The Brighton Unitarian Church in New Road is a striking building. It stands on what was originally part of the Royal Pavilion gardens. The Prince Regent sold it to the Unitarian congregation in 1819 for £650, allegedly to help stave off bankruptcy.
Just over a year later the church was finished. The architect, Amon Henry Wilds drew inspiration from the temple of Theseus in Athens, giving the building an immense pediment and columns which still dominate the east end of new Road.
The story today
Sadly, these features of the building are now decaying. As a result, it has been added to Historic England’s Heritage at Risk register. Attempts are being made to obtain a restoration grant.
Read more about the Portico Repair Project here.
Meanwhile the church’s activities continue, including an impressive series of weekly lunchtime concerts. The November programme starts on Friday 3rd (12:30 – 1:15 pm; coffee from 12 noon). Pianist An-Ting Chan will play music inspired by animals. See the full programme here.
The Regency Society cares about our city. We want to preserve its wonderful heritage and encourage new, well designed buildings. This is why we keep a very close eye on planning applications in Brighton and Hove.
To do this we monitor proposed developments. We speak out about them when we think they are unacceptable as well as when we think they are good.
Until recently we did much of this through our membership of the Council’s Conservation Advisory Group (CAG). Recently we decided to withdraw from the group. You can read more about our reasons here. Hove Civic Society has also withdrawn, for similar reasons.
...continue reading "Our new approach to planning"
With regret, we have decided to cancel the discussion forum about the Waterfront Project planned for 18 October. We don't like cancelling events, especially at short notice, but in this case we feel we should.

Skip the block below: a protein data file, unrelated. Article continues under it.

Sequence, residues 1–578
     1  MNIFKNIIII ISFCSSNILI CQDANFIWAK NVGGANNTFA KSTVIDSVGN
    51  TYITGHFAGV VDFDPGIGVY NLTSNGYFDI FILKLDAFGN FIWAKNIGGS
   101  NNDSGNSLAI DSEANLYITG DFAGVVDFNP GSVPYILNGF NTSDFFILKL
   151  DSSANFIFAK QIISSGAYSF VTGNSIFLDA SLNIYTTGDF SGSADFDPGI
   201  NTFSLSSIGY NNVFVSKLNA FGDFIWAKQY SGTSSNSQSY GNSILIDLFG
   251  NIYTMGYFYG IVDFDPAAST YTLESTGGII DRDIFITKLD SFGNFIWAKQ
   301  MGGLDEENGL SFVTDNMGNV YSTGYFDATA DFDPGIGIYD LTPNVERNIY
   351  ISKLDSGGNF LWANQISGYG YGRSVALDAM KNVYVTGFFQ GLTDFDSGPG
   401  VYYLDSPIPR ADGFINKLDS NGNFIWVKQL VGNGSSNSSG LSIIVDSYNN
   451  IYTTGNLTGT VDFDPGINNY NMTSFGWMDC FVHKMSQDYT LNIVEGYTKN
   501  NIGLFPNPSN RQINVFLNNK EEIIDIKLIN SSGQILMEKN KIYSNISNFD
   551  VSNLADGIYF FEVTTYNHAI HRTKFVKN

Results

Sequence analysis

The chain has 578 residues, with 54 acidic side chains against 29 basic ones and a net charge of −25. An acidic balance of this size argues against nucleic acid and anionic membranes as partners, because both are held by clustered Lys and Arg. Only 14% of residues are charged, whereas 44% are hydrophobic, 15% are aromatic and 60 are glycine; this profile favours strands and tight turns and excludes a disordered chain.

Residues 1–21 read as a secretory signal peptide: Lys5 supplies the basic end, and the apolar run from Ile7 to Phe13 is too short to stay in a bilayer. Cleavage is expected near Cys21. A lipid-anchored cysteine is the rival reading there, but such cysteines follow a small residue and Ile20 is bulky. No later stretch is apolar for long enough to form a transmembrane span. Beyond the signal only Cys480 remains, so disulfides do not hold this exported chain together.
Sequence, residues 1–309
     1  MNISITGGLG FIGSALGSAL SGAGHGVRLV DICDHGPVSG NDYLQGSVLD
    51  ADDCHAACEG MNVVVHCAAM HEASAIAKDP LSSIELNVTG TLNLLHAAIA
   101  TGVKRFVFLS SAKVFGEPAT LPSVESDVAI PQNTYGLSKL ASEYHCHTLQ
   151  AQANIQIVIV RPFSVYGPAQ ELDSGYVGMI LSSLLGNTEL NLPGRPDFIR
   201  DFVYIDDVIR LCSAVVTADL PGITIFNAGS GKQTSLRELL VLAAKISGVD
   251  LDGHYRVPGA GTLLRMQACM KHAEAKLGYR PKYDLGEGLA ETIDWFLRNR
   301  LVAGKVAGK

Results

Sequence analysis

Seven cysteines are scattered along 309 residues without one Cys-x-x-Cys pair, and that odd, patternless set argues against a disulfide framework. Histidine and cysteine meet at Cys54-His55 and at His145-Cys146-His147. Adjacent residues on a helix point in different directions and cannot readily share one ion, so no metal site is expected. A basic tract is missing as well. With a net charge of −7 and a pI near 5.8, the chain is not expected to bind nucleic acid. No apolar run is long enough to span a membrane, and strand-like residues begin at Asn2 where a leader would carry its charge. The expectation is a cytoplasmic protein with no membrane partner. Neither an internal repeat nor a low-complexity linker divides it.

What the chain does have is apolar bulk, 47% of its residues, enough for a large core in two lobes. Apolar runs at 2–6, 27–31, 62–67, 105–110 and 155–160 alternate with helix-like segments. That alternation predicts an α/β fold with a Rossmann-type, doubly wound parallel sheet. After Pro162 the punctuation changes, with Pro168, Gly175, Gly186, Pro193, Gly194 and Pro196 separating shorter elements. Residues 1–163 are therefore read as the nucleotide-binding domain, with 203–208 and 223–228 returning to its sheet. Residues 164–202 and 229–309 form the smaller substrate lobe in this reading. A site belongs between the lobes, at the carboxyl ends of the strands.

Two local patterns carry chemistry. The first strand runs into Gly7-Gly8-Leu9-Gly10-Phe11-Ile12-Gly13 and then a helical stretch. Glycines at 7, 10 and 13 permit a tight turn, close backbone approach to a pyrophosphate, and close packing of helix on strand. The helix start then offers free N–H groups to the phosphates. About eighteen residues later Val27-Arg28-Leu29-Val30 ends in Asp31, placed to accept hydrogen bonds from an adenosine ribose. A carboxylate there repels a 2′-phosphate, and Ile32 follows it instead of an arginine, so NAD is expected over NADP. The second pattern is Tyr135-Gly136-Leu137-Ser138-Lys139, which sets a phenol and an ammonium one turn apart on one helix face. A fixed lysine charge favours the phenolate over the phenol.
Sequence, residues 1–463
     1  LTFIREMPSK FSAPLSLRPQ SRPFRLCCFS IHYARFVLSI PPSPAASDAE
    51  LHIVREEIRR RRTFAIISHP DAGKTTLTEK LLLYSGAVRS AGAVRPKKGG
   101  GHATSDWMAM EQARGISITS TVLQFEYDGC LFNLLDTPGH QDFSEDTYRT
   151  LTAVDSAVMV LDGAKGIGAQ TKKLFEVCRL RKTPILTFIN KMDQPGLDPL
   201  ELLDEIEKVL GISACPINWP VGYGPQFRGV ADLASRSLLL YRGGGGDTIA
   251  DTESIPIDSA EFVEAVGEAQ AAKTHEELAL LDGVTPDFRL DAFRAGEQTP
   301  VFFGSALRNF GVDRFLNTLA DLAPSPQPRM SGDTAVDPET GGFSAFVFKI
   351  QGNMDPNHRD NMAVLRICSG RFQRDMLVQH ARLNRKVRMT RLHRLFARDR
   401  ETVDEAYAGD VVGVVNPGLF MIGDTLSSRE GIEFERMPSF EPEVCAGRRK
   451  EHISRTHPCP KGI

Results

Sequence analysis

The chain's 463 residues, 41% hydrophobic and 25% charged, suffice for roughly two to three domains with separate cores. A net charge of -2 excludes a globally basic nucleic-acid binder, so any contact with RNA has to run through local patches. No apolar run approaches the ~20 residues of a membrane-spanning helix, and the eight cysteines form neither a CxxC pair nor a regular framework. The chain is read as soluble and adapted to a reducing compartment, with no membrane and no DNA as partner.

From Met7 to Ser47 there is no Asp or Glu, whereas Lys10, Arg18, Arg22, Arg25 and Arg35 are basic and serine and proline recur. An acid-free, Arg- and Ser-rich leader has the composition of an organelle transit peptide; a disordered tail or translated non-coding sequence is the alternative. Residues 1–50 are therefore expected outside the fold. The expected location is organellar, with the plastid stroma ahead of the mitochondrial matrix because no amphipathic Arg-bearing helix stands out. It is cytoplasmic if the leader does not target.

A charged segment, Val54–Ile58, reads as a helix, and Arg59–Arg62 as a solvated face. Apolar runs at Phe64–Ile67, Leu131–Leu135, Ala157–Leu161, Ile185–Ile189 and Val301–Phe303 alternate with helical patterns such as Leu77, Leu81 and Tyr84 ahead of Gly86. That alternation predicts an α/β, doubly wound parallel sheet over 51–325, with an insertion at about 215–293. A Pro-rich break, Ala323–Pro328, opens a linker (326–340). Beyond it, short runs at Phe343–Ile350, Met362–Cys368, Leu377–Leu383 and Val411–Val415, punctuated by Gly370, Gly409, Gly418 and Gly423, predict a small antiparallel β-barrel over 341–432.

The Waterfront Project, if it goes ahead, will be one of the most important developments in the city over the next few years. It will result in the construction of a 10,000-seat events venue at Black Rock and a major extension of the Churchill Square shopping centre.
So, if it is so important why did we cancel the discussion forum?
We have been monitoring the project for some time and have had useful discussions about it with representatives of both the Council and the owners of Churchill Square (Standard Life). We believed, based on what we were told and public statements by the Council, that by October the project would have moved forward and more detail would be known, and the parties would be willing to share their plans with us in greater detail.
In fact very little seems to have changed over the past few months and there is still very little detail available. As we have written before - this is frustrating as the people of Brighton and Hove need and deserve to know more. But a discussion at this stage, before a deal is agreed between the major players, could only have covered old ground.
The project is complex and controversial. Many people have questioned how it could work. We still believe that a public discussion will be needed.
We hope to resurrect the planned forum when more details are available and the major parties are available to explain their thinking. As soon as this seems to be the case we will be in touch.
Image shows Black Rock site
2017 marks the bicentenary of Jane Austen’s death. Members of her close family were landowners and her cousin used Humphry Repton to ‘improve’ his estate at Stoneleigh Abbey. Her novels chart the shift in landscape and garden aesthetics from the Picturesque sensibilities of the 1790s to the development of Ornamental Gardening with its winding shrubberies and exotic planting. ...continue reading "‘A prettyish kind of little wilderness’- Landscapes and gardens in the novels of Jane Austen. Lecture by Timothy Mowl"